Diana's former nanny has contradicted claims the princess felt the "trauma" of her parents' divorce and says she had a "sheltered" childhood, according to the Daily Mail.
Princess Diana's mother Frances Shand Kydd died in 2004 at 68 after leaving John Spencer in 1969 and moving out of the family home when Diana was 7.
Last week Diana's brother Charles described their childhood as "ruptured" and "agonising".
But Diana's former nanny, Mary Clarke, has disputed his claims. Speaking to the Sunday Times, she said, "Those children didn't even know about that court case ... they didn't know any of that trauma was going on ... they were very sheltered. Those parents gave them a wonderful life."
Clarke was 21 when she beat over 60 applicants to look after 10-year-old Diana, whom she described as a "lovely child" in the Spencers' Norfolk home on the Queen's Sandringham estate.
Charles Spencer said in an interview earlier this month that his sister "used to wait on the doorstep for her mother to return" after their parents' divorce.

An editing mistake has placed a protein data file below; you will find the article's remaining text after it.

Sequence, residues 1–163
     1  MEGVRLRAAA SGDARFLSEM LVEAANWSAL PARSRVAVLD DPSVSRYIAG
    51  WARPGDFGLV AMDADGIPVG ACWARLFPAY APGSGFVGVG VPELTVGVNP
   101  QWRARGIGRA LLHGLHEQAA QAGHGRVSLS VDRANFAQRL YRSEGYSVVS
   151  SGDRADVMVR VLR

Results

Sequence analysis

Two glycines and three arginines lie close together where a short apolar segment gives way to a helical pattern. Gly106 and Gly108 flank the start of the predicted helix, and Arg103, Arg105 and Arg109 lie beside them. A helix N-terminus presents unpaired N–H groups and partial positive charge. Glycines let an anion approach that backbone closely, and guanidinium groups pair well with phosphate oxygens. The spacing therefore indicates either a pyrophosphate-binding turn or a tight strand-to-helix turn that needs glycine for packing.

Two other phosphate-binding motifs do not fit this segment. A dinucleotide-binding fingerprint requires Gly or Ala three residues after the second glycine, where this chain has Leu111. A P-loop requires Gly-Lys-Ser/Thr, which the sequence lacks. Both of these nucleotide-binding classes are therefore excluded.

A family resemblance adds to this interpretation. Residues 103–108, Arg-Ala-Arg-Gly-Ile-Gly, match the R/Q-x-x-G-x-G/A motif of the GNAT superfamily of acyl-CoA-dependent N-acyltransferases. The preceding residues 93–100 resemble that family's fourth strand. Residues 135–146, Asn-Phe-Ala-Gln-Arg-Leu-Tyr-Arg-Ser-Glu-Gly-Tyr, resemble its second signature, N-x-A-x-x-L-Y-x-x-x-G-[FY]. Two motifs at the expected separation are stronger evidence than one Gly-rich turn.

But Clarke says their mother was a "lovely person" who would visit her children often.
"The children spent quite a lot of time with her ... they had wonderful times when they were with her."
She added that Diana loved being outside, recalling days out at Brancaster beach in Norfolk, playing outside building dens in the woods, and swimming at the Park House pool.
Clarke said the court cases after Diana's parents' split were handled "extremely well" and that her mother's bid for custody of the children showed how much she loved them.
Charles Spencer spoke out about Princess Diana's death on Radio 4.
Diana died at 36 in a car crash in Paris on August 31, 1997. This year marks the 23rd anniversary of her death.
She and her mother had a difficult relationship and were not speaking at the time of her death.
Charles said of the loss that "Everyone's personal loss is so intensely personal. And 23 years ago, it was very much a public outpouring."
He said he's "always surprised by how difficult" the anniversary of his sister's death remains, revealing it still "takes him out at the knees".
"I'm always surprised by how difficult August 31 is each year actually. I always slightly brace myself for it and it does take me out at the knees. It is a very poignant time."